The Chronicle of Higher Education’s July 14, 2013 special report on the Bill & Melinda Gates Foundation examined our post-secondary education strategy. Other publications issued reactions to the Chronicle piece today. We welcome this level of scrutiny and believe that the challenges facing our country’s education system are worthy of a rigorous public conversation.
As we engage in that dialogue, it’s important to remember what’s at stake. The Chronicle’s report missed the big picture. It doesn’t mention that nearly three out of four students aren’t enrolled in full-time, four-year degree programs and that the current system doesn’t work for adults who are juggling jobs, family and other priorities while they also work toward a degree – an elaborate dance that too often ends in students leaving school with no degree, but lots of debt. When 90% of ninth graders and 80% of twelfth graders expect they will get a four year degree, it isn’t surprising why so many students are trying to fit higher education into their lives, no matter how difficult that might be.
Amidst this transformation of the student population, “college” remains essentially the same – geared toward a full-time residential student with family support. That just doesn’t work for the vast majority of students anymore.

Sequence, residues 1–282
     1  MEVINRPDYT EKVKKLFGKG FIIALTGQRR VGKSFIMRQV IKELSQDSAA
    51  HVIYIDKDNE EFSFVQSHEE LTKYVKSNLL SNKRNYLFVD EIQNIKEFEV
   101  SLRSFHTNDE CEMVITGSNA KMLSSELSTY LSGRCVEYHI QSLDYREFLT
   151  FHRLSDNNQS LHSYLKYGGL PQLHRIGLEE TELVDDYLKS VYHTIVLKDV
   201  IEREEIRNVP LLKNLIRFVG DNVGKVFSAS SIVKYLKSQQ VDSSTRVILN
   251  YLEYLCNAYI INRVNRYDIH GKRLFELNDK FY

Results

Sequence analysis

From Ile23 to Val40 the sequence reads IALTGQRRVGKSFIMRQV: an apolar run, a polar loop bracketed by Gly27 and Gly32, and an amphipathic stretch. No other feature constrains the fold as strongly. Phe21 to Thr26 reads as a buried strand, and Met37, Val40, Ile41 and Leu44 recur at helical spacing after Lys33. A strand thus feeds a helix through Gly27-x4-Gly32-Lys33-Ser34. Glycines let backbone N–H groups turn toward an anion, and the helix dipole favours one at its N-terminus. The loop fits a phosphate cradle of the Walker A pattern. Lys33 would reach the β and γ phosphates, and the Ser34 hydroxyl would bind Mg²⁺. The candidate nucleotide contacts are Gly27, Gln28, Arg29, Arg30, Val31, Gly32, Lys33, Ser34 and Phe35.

The Chronicle’s report missed the big picture. It doesn’t mention that nearly three out of four students aren’t enrolled in full-time, four-year degree programs and that the current system doesn’t work for adults who are juggling jobs, family and other priorities while they also work toward a degree.
These challenges, and the need for a fix, are nearly universally acknowledged—especially as the cost of post-secondary education continues to rise. That’s why we’re listening and learning from partners from across the higher education sector to help identify how to provide high -quality degrees more affordably to more students.
We are, at heart, a learning organization. We follow developments in the field, investing in partners working together to figure out which ideas are worth replicating and which aren’t. We need to support and encourage these thoughtful innovators, and help them articulate what we know to be true: That innovation is a means of increasing the value of higher education and improving its impact and ability to improve student lives. Like most Americans, we at the Gates Foundation support efforts to deliver the best educational value to as many students as possible.
In the interest of broadening the conversation even more, we welcome your thoughts on how to ensure America’s post-secondary system meets the needs of all students. Tell us what you think.